“The vinyasas in which the head is raised are to be done with puraka kumbhaka and the ones in which the head is lowered must be done with recaka kumbhaka. Uthpluthi (raising the body from the floor with only the support of both hands on the floor is called uthpluthi) should be done on recaka kumbhaka for a fat person and on puraka kumbhaka for a thin person. “

“Some people say that yogabhyasa is only for men and not for women. Some others say that yoga is only for brahmins, kshatriyas, and vaishyas and not for others. One can immediately state that these people have never read the yoga sastras.”

The Yoga Marakaranda And Its Aim Of Highlighting The Tradition Of Yoga

As mentioned at the beginning, there is a definite political context to the writing of this text. Indeed, Krishnamacharya’s teaching at the Mysore palace, in general, are underscored by the fact that Krishnamacharya’s wealthy patron, the Maharaj of Mysore,  had an express interest in highlighting and promoting Indian tradition and national pride in the face of English colonialism (and it’s overthrowal).

It was very important, therefore, that yoga was presented as one, ancient and homogenou, tradition. One which could trace its roots back to a single (indigenous), source.

Along these lines, we see one mention in this text of the legendary ‘Yoga Korunta’ Krishnamacharya claims as the source of his teaching. Although, strangely, it is not included in the biography here, whilst mentioned elsewhere as such.

Indeed, on many occasions, we pick up hyperbolic sentiment from Krishnamacharya on yoga’s greatness in comparison to any other traditions of other countries – as well as its risk of its’ decimation from foreigners getting their hands on it and using – basically ‘appropriating’ it as we say today.

While I have sympathy for his frustrations, I also see them as contextualised by the underlying objectives of the yoga at the Mysore palace held by the Maharaj.

“The foreigners have stolen all the skills and knowledge and treasures of mother India, either right in front of us or in a hidden way. They pretend that they have discovered all this by themselves, bundle it together, and then bring it back here as though doing us a favour and in exchange take all the money and things we have saved up for our family’s welfare. “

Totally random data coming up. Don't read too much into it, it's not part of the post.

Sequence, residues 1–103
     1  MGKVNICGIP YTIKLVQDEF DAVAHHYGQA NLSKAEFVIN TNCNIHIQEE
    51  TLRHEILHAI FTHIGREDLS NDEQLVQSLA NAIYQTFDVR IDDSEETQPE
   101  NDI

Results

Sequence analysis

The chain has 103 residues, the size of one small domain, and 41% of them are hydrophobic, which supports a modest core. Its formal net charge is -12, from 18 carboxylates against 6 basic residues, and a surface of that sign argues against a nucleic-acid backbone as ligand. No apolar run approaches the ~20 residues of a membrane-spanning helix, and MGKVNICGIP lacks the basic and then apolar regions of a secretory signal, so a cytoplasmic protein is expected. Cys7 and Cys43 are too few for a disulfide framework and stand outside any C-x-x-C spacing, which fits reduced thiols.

“Here is the information we now need to discuss: of the 84 lakh asanas, their own writings reveal that during the time of Pujyapada Sri Sankaracarya, he was able to master (bring into his experience) 84 thousand asanas; during the time of Ethiraja Sri Ramanujacarya, he was able to master 64000 asanas, and during the time of Sri Madhavacarya and the time of Sri Nigamantha Desikar, they were able to master 24000 asanas. In recent times, during the time of our Jagatguru Sri Narasimha Bharati Swamigal, I have heard him state several times that he has mastered 1600 asanas.

In Nepal, living in Muktinarayanakshetram Sri Rama Mohana Brahmacari Guru Maharaj has mastered/(brought into his experience) 7000 asanas. I have seen this directly and through his guidance and advice, I have mastered 700 asanas. Nowadays (in present times), there are only 84 asanas illustrated in the books available and it is the same with some renowned yogis. Some have mastered a few more. “

“SETUBANDHASANA The same asana is called UTTANA MAYURASANA in Yoga Kurantam” (sole reference to the Yoga Korunta)

“The Yoga Asanas are not new inventions of the modern days propagated among the masses. Our religious books say that these Yoga practises were discovered thousands of years ago. The Bhagavad Gita which is accepted as one of the greatest scriptures all over the world is alone sufficient to testify to the greatness of Yoga. The connection between Yoga Asanas and Health is described in Chapter I Sloka 17 of Hathayoga Pradipika.”

Krishnamacharya’s Instruction On The ‘Secrets’ (Technique) Of Practicing Asana